Summer at its oppressive best is all around you. You run into a friend. "Hot enough for you?" says the friend. "It's not the heat," you reply. "It's the humidity." Or if you live in another part of the country, you reply, "At least it's dry."

This is boring, even for summertime conversation. But what if you could say instead, "Did you know that humid air is lighter than dry air?" Or, "Did you know that desert air has more moisture than North Pole air?" Wouldn't that wow your friends?

Probably not -- but at least you'd have something else to say. So here, for your seasonal reading pleasure -- "Humidity: A User's Guide."

Relative humidity has nothing to do with your Aunt Sally or your Uncle Norman, no matter how much they sweat. Relative humidity is the biggie, the one you always hear about, the one seldom explained. It's simple: Relative humidity is a measure of how much moisture is in the air, compared to how much moisture that particular air could be carrying.

Try this one at home: Take a shopping bag the size of six cantaloupes. Put six cantaloupes in the bag -- the bag is 100 percent full. Now take those same six cantaloupes and put them in a bag that can handle 12 cantaloupes. That bag is only 50 percent full. But you still have six cantaloupes. That's pretty much how it is with relative humidity; the same "absolute" amount of moisture can give you very different "relative" readings, depending on the air's changing capacity.The capacity of air to handle moisture varies greatly by temperature. A parcel of air at 95 degrees Fahrenheit can handle more than four times as much water vapor as the same parcel of air at 50 degrees. So, all other things being equal -- no new fronts moving in with additional moisture, for instance -- as the temperature rises, and the air's capacity for moisture increases, the relative humidity of that air will decrease.

That's why, generally speaking, the highest relative humidities occur in the early morning, the coolest part of the day, while the lowest relative humidities occur in midafternoon, when temperatures are highest.

"People say, 'It was so hot -- the temperature was 90, and the humidity must have been 100 percent,' " says Mike Mogil of "How the Weatherworks" Educational Weather Services in Rockville. " ... It is impossible."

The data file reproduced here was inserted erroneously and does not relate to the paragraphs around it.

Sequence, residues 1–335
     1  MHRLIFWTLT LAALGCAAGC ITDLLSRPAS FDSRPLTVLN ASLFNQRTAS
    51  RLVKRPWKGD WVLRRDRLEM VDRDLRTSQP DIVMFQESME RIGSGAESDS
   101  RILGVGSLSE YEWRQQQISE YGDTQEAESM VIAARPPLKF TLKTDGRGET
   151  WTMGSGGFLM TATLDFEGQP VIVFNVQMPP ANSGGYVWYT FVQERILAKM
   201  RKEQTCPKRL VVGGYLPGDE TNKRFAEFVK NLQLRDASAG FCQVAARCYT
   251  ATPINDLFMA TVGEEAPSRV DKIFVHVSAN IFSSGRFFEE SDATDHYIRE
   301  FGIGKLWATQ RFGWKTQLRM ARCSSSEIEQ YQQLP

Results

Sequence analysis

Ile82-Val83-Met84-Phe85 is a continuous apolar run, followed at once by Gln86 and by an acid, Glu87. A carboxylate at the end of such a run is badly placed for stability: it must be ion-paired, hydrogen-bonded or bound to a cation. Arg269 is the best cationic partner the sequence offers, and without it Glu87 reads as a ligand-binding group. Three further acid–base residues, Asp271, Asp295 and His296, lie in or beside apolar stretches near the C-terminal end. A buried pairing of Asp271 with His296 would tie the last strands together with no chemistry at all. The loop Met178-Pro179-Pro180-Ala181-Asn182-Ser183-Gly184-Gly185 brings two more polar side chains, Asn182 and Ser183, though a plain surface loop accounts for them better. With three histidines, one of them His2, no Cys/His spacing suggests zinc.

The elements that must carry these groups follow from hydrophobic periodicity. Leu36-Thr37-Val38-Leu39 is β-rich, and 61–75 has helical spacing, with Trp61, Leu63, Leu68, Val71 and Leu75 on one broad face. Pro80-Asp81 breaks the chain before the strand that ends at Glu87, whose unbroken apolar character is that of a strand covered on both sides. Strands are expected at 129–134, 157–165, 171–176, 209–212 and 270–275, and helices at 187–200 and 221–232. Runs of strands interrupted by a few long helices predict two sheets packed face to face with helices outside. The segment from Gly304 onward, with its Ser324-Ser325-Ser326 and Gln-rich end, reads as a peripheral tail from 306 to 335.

Dehumidifiers make their living chilling out. Air that's drawn into a dehumidifier passes over cold pipes that lower the air's temperature and its moisture-holding capacity. When the air cools enough, the "excess" moisture condenses and is drained away. The drier air is then reheated and returned to the room.

If it's all the same cantaloupes, what difference does it make? Plenty of difference. The lower the relative humidity, the more easily the air can take on additional moisture -- cooling your body by evaporating sweat, for instance. The higher the relative humidity, the harder that is.

It's also -- that difference in evaporation -- one way weather-types figure out the relative humidity. They measure the different readings of "dry-bulb" and "wet-bulb" thermometers, the latter wrapped in a piece of damp, well-ventilated cloth. The lower the relative humidity, the more evaporation, and the cooler the wet bulb will be.

So "hot and humid" is the worst? A 1989-90 sampling of 44 football-related heat injuries by the NCAA's Injury Surveillance System found that 38 occurred under conditions reported as "hot and humid."

On the other hand ... An advisory issued by the Environmental Health Section of the Walter Reed Army Medical Center warns field commanders, "Don't be fooled by a "safe" WBGT index {the Army's method of measuring the combined effects of heat, humidity and solar radiation}, as most heat injuries occur during early morning training (especially physical training) when the air temperature is at its lowest point and the relative humidity is highest ... Individuals exercising at this time are less likely to drink adequate volumes of fluid prior to training."

Some things that happen when it's humid. The skin absorbs moisture. Joints and corns ache. Asthmatics usually feel better. (Asthmatics without corns, that is.) Hair expands in length by as much as 2 percent; blond hair expands more than red or brown hair. Curly hair gets curlier, straight hair goes limp. Weather-types, in fact, often use a "hair hygrometer" to measure humidity -- expanding and contracting strands of hair move a pen across a calibrated sheet of paper. There are books that tell you how to do this yourself.

Water your lawn when the humidity is high. Otherwise, lots of the water will simply evaporate.

The dew point and you. Another of the great unexplaineds, the dew point is the temperature to which the air would have to be cooled to bring it to saturation.